The influenza A/chicken/Pennsylvania/1/83 (H5N2) virus is the first known example of an influenza virus isolated from a natural infection which contained primarily defective interfering particles (T. M. Chambers and R. G. Webster, J. Virol. 61, 1517-1523, 1987). In chickens, coinoculation of this virus together with the closely related but highly virulent influenza A/chicken/Pennsylvania/1370/83 virus results in reduced mortality compared to virulent virus infection alone(Bean et al., J. Virol. 54, 151-160, 1985). The biological basis of this protective effect has not been established. Protective activity required ≥100-fold excess input of protecting virus over virulent virus, functioned effectively during the first generations of virulent virus multiplication, and also functioned against an antigenically heterologous (H7N7) virulent influenza virus. Protection was correlated with the complete inhibition of virulent virus spread to the brain of infected chickens. Plaque-purified chicken/Pennsylvania/1/83 virus depleted of defective interfering particles, and β-propiolactone-inactivated virus, had no protective effect. These characteristics are consistent with the hypothesis that protection was the result of defective interfering particle-mediated interference with virulent virus multiplication within the respiratory tract of the chicken.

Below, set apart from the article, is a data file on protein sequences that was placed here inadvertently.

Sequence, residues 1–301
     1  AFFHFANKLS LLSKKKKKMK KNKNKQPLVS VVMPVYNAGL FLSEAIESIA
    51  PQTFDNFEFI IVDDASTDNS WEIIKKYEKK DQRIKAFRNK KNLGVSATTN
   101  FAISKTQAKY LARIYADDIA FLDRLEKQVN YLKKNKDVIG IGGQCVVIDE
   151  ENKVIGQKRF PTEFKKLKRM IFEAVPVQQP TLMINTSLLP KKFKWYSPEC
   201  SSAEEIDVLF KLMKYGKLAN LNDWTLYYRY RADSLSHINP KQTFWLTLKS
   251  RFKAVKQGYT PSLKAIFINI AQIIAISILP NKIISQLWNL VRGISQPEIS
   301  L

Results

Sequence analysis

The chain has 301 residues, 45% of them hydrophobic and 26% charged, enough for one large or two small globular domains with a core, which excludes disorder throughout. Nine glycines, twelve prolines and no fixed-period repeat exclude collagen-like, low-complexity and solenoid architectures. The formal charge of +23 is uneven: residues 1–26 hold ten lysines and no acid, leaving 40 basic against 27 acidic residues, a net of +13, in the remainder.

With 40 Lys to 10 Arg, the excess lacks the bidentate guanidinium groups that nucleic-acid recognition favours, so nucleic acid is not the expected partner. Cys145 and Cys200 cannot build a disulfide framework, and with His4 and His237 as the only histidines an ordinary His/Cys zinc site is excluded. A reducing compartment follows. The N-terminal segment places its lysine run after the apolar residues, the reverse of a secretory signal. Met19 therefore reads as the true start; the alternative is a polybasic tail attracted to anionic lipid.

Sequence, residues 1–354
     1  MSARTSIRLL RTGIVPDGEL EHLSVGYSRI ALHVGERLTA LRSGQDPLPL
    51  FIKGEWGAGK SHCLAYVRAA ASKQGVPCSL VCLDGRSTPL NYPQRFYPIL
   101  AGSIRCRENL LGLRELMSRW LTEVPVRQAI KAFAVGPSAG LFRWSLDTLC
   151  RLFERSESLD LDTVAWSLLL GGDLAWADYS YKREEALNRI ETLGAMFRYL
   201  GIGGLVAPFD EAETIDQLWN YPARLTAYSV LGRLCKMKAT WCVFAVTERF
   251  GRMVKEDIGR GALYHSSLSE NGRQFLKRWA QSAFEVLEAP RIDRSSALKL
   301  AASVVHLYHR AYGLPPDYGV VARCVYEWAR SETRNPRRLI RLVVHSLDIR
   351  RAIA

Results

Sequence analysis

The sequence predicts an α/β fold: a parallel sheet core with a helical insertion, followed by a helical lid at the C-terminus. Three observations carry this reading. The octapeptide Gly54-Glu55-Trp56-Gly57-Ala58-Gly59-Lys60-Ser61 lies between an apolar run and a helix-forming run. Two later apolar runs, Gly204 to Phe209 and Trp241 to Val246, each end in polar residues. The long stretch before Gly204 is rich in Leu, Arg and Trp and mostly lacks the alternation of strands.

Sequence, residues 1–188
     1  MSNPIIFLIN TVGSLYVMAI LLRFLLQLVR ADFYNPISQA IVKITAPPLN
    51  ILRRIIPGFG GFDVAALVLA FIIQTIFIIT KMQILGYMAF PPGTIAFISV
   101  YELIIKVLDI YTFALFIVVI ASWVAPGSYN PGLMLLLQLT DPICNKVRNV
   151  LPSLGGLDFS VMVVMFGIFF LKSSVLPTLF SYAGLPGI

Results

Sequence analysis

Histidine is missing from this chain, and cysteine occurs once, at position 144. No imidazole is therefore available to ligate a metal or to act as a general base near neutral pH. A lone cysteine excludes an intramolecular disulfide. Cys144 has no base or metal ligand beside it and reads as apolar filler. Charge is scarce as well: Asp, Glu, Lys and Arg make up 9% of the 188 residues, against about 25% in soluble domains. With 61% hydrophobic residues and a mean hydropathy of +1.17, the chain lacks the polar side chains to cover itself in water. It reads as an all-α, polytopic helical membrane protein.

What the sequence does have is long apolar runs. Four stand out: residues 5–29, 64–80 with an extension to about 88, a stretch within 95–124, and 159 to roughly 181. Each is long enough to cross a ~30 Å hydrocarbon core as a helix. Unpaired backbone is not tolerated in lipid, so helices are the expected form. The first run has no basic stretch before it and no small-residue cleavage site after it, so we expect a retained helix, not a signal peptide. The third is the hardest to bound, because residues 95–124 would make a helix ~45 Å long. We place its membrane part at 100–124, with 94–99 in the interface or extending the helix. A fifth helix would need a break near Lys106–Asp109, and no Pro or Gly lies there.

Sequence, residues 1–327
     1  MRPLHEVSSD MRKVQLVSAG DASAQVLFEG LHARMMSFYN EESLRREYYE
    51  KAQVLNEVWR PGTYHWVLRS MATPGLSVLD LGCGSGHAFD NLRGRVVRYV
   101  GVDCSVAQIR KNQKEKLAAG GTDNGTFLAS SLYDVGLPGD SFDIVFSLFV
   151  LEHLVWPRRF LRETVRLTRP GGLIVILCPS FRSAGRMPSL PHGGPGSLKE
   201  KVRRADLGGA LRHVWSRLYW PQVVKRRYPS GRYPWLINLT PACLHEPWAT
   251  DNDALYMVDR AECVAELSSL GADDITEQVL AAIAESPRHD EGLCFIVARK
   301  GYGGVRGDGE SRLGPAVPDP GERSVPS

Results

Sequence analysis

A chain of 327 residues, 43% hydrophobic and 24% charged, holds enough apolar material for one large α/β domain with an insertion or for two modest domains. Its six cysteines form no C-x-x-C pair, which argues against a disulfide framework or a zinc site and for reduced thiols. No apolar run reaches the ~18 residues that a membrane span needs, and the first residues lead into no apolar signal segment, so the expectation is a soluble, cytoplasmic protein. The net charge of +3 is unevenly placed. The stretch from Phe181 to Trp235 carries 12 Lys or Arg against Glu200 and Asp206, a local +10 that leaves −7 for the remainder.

|Number of pages||6|
|State||Published - Jul 1991|
Bibliographical noteFunding Information:
This work was supported by U.S. Public Health Service Grant No. Al 29680 from the National Institute of Allergy and Infectious Diseases, by Cancer Center Support (CORE) Grant CA-21 765, and by American Lebanese Syrian Associated Charities. We thank Gary R. Burleson (U.S. Environmental Protection Agency) for help and advice regarding nonspecific immunity, and John Freeman and Tim Thomas for technical assistance.
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